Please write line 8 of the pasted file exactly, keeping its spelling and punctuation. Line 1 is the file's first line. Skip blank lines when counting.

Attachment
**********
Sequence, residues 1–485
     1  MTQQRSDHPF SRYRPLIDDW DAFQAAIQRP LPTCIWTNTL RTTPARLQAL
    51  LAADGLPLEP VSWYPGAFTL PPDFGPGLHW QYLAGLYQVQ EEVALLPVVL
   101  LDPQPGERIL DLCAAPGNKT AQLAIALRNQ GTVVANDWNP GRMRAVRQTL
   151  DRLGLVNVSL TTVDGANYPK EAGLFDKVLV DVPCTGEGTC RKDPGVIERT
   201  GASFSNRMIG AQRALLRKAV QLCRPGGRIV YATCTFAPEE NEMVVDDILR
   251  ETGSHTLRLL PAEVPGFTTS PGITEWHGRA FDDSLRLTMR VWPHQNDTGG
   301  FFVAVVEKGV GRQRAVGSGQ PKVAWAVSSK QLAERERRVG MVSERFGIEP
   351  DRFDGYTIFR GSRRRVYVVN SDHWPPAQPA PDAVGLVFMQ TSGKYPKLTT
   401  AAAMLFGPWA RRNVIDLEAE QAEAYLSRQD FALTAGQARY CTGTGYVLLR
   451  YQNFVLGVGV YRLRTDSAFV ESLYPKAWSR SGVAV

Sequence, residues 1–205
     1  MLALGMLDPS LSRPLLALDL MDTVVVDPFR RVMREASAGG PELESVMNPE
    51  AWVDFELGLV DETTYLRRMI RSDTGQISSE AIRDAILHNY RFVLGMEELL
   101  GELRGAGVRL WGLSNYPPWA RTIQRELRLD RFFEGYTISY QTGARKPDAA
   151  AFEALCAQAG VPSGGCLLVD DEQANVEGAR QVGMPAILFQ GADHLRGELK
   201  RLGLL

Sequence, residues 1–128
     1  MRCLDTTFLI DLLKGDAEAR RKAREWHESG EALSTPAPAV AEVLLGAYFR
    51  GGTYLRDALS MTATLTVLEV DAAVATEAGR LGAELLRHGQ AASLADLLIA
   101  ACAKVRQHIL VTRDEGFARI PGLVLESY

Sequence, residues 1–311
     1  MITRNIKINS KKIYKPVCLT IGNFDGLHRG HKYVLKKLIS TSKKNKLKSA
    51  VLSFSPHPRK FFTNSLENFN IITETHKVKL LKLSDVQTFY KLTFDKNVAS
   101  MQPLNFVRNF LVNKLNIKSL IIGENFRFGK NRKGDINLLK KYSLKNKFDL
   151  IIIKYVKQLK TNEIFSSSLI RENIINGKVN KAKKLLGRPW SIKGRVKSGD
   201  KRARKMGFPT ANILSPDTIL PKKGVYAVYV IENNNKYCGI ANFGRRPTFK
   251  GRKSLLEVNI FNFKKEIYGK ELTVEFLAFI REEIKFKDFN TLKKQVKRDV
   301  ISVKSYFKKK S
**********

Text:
   301  FFVAVVEKGV GRQRAVGSGQ PKVAWAVSSK QLAERERRVG MVSERFGIEP